Tucson Daily Citizen from Tucson, Arizona on April 27, 1963 · Page 76
Get access to this page with a Free Trial

Tucson Daily Citizen from Tucson, Arizona · Page 76

Tucson, Arizona
Issue Date:
Saturday, April 27, 1963
Page 76
Start Free Trial

Here's a spacious four bedroom home designed for a 90 foot lot, that we can build as low as $18,800, including 4 ton split system air conditioning, two full baths, built in range and oven, and a double carport. TOM GIST BUILDER OF FINE HOMES 5626 East Fifth AX 8-4014 House area Roof area Living Room Family Room Master Bedroom Bedrooms 2-3-4 Utility Room Double Carport 1916 sq. feet 2858 sq.feet ! 3 - 6 x 19-10 13-4 x 19-10 I I-8 x 15-0 ! I -0 x I I-6 6-0 x 8-4 22-0x20-0 This plan features: A fine traffic pattern--every room is entered from a central foyer and hall. A new concept--a separate study aicove off the foyer and away from the noise areas. A large walk-in closet.off the Master Bedroom, 8-0 x 6-6, with 16 feet of rod and shelving. An 8-0 long linen closet . Swimming Pools of Qualify and Distinction 4045 E. SPEEDWAY For Your Convenience Our Showroom Will Be Open Sunday from 1-5 p.m. EA 5-1331 298-5232 PAGE 78 TUCSON DAILY CITIZEN WEEKEND GARDENER Bloom Period Varies By John Hnrlow Why don't all the Palo Verde blossom at the same time is the question I have recently been asked. The answer is simple--· there are different kinds of Palo Verde. The ones in blossom right now are the Blue and the Foothills Palo Verde. Location has something to do with the time of bloom so even with the same varieties, some will blossom a little earlier than others but generally they will all bloom at the same time. The Mexican Palo Verde, the one with the long thin leaves which really isn't a Palo Verde at all, hasn't started to bloom yet. So to extend the blooming season, plant all varieties. This last week I have had two reports of ice in the bird-baths. Reports came from Country Club estates and the lower area of Indian Ridge. Yet according to the official weather reports, the lowest temperatures were considerably a b o v e freezing. Which just goes to show that gardening decisions depending on weather can't be made from any chart but will have to be made by each individual gardener who must learn whether his temperatures are generally lower or higher than the official reports published. Some effects of last winter's cold are just beginning to show up. One is the difference between the cold susceptibility of the two most common types of fan palms. The more popular type is the Wash- ingtonia Robusta which is the fan palm with the thin trunk--and it's more popular because of the thin trunk. The other is the Washingtonia Flifera and this is the fan palm with the thick trunk which gives the palm a more stolid and very much less graceful look. Yet this palm may increase in popularity this spring because it suffered no cold damage while the Robusta shows a great deal of damage and in many cases is losing all its outer fronds, though by the middle of the summer new fronds will have developed and all signs of damage will have disappeared. Somehow citrus seems to have suffered little damage. Interestingly enough damage to citrus this season has been much more severe in Phoenix than in Tucson. One of my favorite trees for desert plantings is the Acasia Farnaciana -- both because of its horizontal type branching, its featherlike foliage and golden balls of fragrant blossoms. I had never known it to suffer cold damage in the past but it did this winter. Some plants froze back almost to the ground, but they will recover if patience is allowed. THIS WEEK In Your Garden 1. Select roses in bloom. 2. Plant summer annuals from plant bands. 3. Time to be thinking of summer lawns. 4. Fertilize trees, shrubs and lawns. SATURDAY, APRIL 27, 1963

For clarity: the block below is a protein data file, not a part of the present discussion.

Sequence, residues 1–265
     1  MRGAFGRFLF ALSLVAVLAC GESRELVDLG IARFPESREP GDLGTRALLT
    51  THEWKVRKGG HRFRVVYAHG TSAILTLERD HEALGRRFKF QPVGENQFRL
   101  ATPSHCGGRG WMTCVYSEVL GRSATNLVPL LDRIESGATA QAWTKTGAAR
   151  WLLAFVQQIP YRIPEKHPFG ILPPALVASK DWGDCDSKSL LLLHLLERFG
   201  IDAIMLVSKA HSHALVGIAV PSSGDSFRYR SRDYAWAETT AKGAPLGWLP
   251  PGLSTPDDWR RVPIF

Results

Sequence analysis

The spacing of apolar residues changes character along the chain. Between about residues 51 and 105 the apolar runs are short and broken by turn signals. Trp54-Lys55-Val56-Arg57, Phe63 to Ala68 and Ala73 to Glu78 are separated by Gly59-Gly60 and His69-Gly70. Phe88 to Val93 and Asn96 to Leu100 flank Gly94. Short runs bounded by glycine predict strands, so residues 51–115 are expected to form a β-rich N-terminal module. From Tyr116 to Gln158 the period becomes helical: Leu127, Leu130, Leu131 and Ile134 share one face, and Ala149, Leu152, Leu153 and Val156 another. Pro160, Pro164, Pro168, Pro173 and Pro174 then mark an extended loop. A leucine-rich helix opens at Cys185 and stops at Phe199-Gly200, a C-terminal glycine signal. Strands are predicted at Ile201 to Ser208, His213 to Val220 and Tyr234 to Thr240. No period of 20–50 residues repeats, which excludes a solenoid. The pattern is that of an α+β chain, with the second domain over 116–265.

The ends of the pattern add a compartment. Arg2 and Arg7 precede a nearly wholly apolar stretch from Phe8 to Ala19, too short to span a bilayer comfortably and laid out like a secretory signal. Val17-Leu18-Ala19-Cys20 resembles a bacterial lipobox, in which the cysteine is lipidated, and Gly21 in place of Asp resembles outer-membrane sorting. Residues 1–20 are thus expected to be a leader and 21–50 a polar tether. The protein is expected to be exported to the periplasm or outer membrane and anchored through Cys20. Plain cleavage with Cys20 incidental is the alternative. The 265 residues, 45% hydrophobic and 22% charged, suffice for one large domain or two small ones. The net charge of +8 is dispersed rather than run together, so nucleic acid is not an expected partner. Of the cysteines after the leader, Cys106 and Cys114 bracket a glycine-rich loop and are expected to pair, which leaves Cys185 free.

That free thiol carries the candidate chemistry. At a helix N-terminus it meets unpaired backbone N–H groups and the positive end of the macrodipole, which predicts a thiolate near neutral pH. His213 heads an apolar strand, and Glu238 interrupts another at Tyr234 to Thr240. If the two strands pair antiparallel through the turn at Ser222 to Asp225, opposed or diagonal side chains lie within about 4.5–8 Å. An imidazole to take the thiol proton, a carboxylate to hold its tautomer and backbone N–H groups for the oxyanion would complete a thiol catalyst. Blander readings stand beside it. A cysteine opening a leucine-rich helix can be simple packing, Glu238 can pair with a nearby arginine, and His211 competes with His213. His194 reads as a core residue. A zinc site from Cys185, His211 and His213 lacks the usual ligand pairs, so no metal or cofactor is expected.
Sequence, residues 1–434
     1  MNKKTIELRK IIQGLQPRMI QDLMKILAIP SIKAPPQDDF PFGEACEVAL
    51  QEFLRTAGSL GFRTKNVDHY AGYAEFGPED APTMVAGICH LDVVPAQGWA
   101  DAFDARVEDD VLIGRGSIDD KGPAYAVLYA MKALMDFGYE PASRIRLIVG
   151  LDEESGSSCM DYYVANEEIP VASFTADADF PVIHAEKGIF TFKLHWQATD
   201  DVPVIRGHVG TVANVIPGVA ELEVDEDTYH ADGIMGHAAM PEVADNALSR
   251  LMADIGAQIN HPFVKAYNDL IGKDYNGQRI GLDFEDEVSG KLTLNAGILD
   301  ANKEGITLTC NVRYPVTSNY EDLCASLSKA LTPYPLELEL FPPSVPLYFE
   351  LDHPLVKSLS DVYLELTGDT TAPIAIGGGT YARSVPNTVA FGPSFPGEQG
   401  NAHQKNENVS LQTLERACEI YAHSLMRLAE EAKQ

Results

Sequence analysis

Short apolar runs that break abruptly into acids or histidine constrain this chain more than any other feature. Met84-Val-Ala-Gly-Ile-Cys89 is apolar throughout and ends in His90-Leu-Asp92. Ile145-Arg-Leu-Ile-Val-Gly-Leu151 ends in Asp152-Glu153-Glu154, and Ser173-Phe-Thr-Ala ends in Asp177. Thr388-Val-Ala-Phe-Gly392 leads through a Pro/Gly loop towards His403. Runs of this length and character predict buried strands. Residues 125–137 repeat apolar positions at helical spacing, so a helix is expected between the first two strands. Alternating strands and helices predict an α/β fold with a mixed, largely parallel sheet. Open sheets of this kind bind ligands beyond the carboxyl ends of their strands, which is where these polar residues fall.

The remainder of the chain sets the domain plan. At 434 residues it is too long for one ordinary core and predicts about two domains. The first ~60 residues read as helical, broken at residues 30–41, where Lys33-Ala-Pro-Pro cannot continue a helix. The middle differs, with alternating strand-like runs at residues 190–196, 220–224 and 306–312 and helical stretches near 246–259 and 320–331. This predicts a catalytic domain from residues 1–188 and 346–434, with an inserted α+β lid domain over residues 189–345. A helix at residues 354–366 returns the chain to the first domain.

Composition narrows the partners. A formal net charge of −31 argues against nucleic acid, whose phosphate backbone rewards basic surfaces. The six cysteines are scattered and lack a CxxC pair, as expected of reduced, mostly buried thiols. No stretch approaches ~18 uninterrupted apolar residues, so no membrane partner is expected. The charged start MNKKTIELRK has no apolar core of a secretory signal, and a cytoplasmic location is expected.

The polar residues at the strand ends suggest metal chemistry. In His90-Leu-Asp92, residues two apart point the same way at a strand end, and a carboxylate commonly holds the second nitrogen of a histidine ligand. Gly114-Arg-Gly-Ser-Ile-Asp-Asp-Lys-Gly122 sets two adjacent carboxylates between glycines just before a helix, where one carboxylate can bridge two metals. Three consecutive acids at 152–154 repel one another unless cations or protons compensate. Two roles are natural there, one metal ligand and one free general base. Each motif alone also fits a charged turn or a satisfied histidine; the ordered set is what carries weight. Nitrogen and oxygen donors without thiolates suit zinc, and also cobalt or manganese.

What members have found on this page

Get access to Newspapers.com

  • The largest online newspaper archive
  • 11,200+ newspapers from the 1700s–2000s
  • Millions of additional pages added every month

Try it free